An ecological study of an oyster population, including selected associated organisms in West Bay, Galveston, Texas.




Gillard, R.M.

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Texas A&M University.


From June 1967 to June 1968 a study of a population of oysters, Crassostrea virginica (Gmelin) was made on Eight Mile Reef, located in West Bay, Galveston, Texas. A general description of the area is reported. Two mortality peaks between March and June and between October and November 1967 occurred when temperatures averaged approximately 21 to 26 C and salinities 26 to 28 o/oo. After the peaks, mortality decreased but continued until the end of the study when less that one percent of the original population remained. When salinities dropped below 20 o/oo during the last three months, no massive mortality comparable to the previous spring occurred. Predators contributed but could not have caused mortalities of the magnitude that occurred. High temperature coincident with air exposure is virtually eliminated as an important primary cause during the mortality peaks. The massive mortalities are considered to have been primarily caused by disease. Both peaks were seasonal and occurred shortly after the maximum population density. Recovery of the population was slow, survivors were in fairly good condition, and the community members suffered far less mortality that did the oysters. The suspected disease is an undescribed species of Labyrinthomyxa which was present in oysters from January to May, was apparently present during the mortality peaks, but was absent or in low abundance in June 1968. The average length and condition index of the oyster population is reviewed. Condition index was lowest in summer, increased but remained constant in winter, and peaked in spring during April. Because of high summer salinity and Crassostrea mortality, Ostrea Equestris became the dominant oyster of the community during winter, constituting 55 to 75 percent of the oysters. After salinities dropped below 20 o/oo during the spring, Ostrea remained numerous but suffered mortality subtidally. Intertidally, it suffered high mortality during the same period. Thirteen living molluscs (four gastropods and nine pelecypods), two barnacles, six crabs and four dominant filamentous algae were collected on the reefs. the observed seasonal and vertical abundance of the associates is discussed. (AA)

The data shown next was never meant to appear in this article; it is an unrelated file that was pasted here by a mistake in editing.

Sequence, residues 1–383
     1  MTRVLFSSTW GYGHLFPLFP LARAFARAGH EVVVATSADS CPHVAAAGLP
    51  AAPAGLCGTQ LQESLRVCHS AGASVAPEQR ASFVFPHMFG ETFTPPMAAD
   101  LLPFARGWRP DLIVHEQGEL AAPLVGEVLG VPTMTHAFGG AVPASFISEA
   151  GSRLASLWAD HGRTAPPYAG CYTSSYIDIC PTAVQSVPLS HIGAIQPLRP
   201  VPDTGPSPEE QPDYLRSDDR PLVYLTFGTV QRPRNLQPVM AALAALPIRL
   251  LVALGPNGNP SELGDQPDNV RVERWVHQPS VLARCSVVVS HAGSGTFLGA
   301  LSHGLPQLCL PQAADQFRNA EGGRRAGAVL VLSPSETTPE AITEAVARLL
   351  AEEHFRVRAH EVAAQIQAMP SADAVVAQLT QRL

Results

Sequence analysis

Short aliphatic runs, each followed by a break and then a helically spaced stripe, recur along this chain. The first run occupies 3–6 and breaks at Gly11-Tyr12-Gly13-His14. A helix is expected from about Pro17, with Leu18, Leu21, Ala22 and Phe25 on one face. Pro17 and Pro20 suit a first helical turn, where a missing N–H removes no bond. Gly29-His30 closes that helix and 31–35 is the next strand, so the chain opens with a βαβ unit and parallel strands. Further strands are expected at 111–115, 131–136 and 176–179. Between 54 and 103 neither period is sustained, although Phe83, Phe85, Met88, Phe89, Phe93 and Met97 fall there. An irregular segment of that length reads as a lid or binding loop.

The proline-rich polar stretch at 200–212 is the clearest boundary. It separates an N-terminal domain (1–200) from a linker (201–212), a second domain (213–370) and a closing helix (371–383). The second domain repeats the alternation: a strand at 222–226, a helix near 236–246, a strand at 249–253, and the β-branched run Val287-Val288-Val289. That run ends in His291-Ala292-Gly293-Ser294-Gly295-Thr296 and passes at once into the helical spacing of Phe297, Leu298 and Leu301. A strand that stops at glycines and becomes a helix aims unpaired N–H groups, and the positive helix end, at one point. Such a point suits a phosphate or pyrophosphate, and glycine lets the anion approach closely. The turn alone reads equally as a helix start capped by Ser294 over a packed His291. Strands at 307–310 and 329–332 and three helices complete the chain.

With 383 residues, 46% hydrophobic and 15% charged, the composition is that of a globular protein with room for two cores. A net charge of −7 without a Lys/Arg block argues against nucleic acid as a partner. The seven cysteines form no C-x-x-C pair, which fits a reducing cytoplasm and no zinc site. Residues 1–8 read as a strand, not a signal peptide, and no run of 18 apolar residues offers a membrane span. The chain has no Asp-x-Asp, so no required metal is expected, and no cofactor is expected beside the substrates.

136 p., Thesis


oysters, marine molluscs, Crassostrea virginica, population dynamics, mortality, Labyrinthomyxa sp., fungal diseases, abundance, Ostrea equestris